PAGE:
Sunday, October 13, 2013

Preparing for my WAESOL Presentation


In about 6 days I'll be at the Highline Community College giving a presentation on using math with ELL students. I've told coworkers and peers and so I often get the question, "Are you nervous yet?" I response with a ho hum "No, I'm ready." But when I get home and think about, I am starting to get nervous.

As far as things being ready, they are pretty much spot on. I have the PowerPoint made, my handout made (just needs to get printed) and a script to look at and practice from. But I haven't really practiced a whole lot and when I do I feel like I'm talking too much. But it's a 20 to 25 minute presentation and peppered throughout are questions for my audience. I thought I would share what I prepared here so you can see what's going on.


First I welcome everyone to my lecture and thank them for coming. Then I give a brief overview about myself which leads into why I'm giving this teaching tip.


As you can see my slides are colorful, dynamic and not plain. I showed Ian my presentation yesterday and he immediately disliked my use of moving text. So I took out the animations. Otherwise what you see is what I've prepared. I go into who this tip is for, because I know a lot of the presentations are for adult teaching situations. I do mention that the topic can be adapted to teach adults, just with adjustments for the age group.


The next two slides I start talking about why math would be a good idea for ESL or EFL use. I mostly base this off of the experiences I had along with some linguistic knowledge. I also ask the audience whether they teach math to ELL students or why they think it would be a good idea. I next go into talking about certain topics in math that would be useful with English, narrowing in on what really works. I also ask the audience if they know of other topics in math that work well with these students.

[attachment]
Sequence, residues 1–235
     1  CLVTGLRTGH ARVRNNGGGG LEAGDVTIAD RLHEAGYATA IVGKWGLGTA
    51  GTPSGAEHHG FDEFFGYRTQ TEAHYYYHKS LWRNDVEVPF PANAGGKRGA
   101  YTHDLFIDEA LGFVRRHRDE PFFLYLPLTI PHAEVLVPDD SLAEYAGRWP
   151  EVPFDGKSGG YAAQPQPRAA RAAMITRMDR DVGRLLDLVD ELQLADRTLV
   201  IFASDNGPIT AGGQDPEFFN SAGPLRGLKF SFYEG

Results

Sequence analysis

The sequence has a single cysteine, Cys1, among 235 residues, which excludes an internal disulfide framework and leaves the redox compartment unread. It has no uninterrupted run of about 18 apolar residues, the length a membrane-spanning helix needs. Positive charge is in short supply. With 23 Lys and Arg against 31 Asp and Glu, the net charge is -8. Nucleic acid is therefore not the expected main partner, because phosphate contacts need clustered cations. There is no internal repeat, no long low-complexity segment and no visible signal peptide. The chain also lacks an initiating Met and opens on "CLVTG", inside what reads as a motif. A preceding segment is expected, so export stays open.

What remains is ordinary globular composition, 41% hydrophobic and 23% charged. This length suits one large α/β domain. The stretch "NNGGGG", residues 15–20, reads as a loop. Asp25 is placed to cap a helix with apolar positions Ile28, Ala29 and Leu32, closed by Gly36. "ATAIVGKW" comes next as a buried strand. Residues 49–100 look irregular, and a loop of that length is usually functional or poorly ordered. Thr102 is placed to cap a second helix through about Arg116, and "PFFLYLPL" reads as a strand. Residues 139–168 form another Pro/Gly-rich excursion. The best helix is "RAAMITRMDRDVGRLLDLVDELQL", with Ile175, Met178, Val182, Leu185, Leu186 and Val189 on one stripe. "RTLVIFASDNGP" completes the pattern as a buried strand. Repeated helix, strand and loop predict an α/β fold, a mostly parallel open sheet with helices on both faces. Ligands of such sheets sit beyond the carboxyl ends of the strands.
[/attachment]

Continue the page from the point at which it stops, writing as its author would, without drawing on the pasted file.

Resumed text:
Moving on I next talk about specific English goals that can be used with math. What you see above is a shortened list of what I actually describe. It is also setting up the projects I am going to talk about and shows how well rounded math can be when using it in the ESL or EFL classroom.



I then go on to talk about actual projects, activities and games I did with my students. These are meant to represent the goals in English with math and show how diverse it can be. Animal Cubes are a project I did for the topic of 3D shapes and I talk about how it goes from basic learning of the shapes, to a craft that extends into a role play.



The Omok games is to show how students can work with each other and speak while doing math operations all at the same time. I think I've talked about this game in my other blog.


I use Fraction Stories to show how mostly all the topics in math can be made into writing activities that later turn into role-plays or speaking exercises.


I use this activity to show my goal of getting students to not only speak but also use the key vocabulary and phrases within math. In this example, students are given a card (seen above) and on it is their phone number and a math problem. They are given a handout which has a list of phone numbers. Then they pretend to call someone and have a dialog with that student using their card as the prompt. I explain how this activity is really great for listening skills because students had to really pay attention when the other student is reading the word problem. I think this activity could be adapted to adult learners, as well.


The final activity I talk about is Math Bowling which is used for vocab games or quizzes at the end or during the lesson. It's a fun way to motivate students and keeps their knowledge sharp.


I finish off with a simple take away list and thank everyone for coming. As you can see I have a lot I'm talking about but I think once I get to the projects section things will be more visual than just hearing a list of things.

So far when I practice on my own I get to 18 minutes. I would prefer to be over the time limit as I know I tend to talk less in front of a room. However, I'll just remind myself to take it easy and add in more information. Since this is all based upon experience I think I can add in stories or personal quips about the topics.

I hope my audience has questions for me and answers the ones I prompt towards them. Otherwise I kind of can't wait to get it over with and also enjoy other presenters at the conference.

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